3. Trichome Method
The best way to determine whether it is harvest time is by examining the trichomes on the buds. Trichomes (aka trics) are the crystal bits on the buds and sugar leaves. They’re the resin glands that are filled with all the good things you want, like cannabinoids and terpenes. These slender, resin-filled stalks with bulbous heads look sort of like tiny mushrooms and grow all over the buds’ surface. Trichomes are very small, so you can’t see them well enough with the naked eye – you’ll need a magnifying glass or scope in the 20-60x range.
You should start monitoring your trichomes about two weeks before the expected harvest provided by the breeder (around the same time as your start flushing your plants). The resin starts off clear, then as the plant ages, it turns milky and finally amber. Ensure you are checking the trichomes on the actual bud as the ones on the sugar leaves tight to the bud will mature faster and aren’t the best indication of the bud’s ripeness.
When the trichomes are completely clear, the plant is not ready to harvest. When almost all of them turn milky, the plant has the highest THC levels and can be harvested. While opinions vary regarding the exact ratio of each type for harvesting, as a general rule, when the majority of the trics are milky, and 10-20% of them are amber, it is probably time to harvest the plants. People often say that an early, milky trichome harvest produces more of a head high, whereas the more amber trichomes give a more stoned effect or a body high.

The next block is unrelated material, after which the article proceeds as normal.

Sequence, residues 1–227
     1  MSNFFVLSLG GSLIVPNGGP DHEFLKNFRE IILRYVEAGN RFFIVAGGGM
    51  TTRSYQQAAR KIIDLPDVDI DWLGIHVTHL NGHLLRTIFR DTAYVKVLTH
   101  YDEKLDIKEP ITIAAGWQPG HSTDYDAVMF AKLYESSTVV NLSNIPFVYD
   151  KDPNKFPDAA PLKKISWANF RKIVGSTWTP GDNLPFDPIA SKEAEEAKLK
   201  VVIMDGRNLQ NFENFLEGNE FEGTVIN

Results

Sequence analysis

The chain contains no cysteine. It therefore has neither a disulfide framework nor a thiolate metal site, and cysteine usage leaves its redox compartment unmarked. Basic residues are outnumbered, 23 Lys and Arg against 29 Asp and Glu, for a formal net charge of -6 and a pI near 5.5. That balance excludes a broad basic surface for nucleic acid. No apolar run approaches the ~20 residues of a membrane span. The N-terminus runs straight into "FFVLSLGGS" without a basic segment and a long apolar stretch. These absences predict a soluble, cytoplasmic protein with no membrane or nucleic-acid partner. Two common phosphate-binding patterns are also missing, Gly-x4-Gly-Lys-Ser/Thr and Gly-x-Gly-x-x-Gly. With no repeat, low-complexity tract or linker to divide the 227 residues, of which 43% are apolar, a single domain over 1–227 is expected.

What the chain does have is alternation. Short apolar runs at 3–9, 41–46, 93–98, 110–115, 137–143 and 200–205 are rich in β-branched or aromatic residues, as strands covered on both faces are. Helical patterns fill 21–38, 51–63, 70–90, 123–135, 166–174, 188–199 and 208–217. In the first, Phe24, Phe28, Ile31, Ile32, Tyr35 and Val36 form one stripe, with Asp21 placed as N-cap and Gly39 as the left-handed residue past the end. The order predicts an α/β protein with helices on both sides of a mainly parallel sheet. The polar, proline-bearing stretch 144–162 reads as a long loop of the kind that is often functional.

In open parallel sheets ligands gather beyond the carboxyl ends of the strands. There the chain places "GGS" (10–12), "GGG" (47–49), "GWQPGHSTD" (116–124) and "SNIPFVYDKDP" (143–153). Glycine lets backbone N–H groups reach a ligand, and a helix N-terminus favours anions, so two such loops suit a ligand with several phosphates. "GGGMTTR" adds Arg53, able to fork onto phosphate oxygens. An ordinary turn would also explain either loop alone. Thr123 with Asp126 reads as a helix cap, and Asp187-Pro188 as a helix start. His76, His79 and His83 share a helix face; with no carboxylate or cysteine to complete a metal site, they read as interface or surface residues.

When you’re trying to decide when to harvest your cannabis plants, try to remember that this should be a fun process – you’ve finally made it to the finish line. Many growers worry about harvesting at the exact right time to achieve desired effects. But the truth is, your genetics (i.e., the strain you choose) will primarily determine the cannabinoid content and type of high you feel, although you should still wait at least until you see some clear maturity signs like coiled orange pistils and milky trichomes. A couple of days may seem to change the color of your trichomes dramatically, but this should only slightly impact the effects.
Grower’s Guide: Drying Your Cannabis
Now, you are itching to try your home-grown cannabis. But don’t even try to roll a joint with these freshly harvested buds. The water content of raw cannabis is much too high, so you probably couldn’t get it to light, and even if you could, it would taste and smell like skunk.
Wet Trim Vs. Dry Trim
You need to dry your weed before you can smoke it. Whether you trim your buds before you dry (wet trim) or after you dry (dry trim) comes down to personal preference. Having a good pair of trimming shears available makes this job easier, though some people merely snap off the leaves with their hands. If you are using shears, keep some rubbing alcohol nearby to clean them as required.
To harvest your plant, you should first remove the whole plant from its container by cutting it at the stem’s base. You may need some strong pruners or garden loppers. You can cut individual branches to hang or, alternatively, just hang the whole plant. We recommend at this stage that you trim off all the larger fan leaves before you hang the branches or full plant.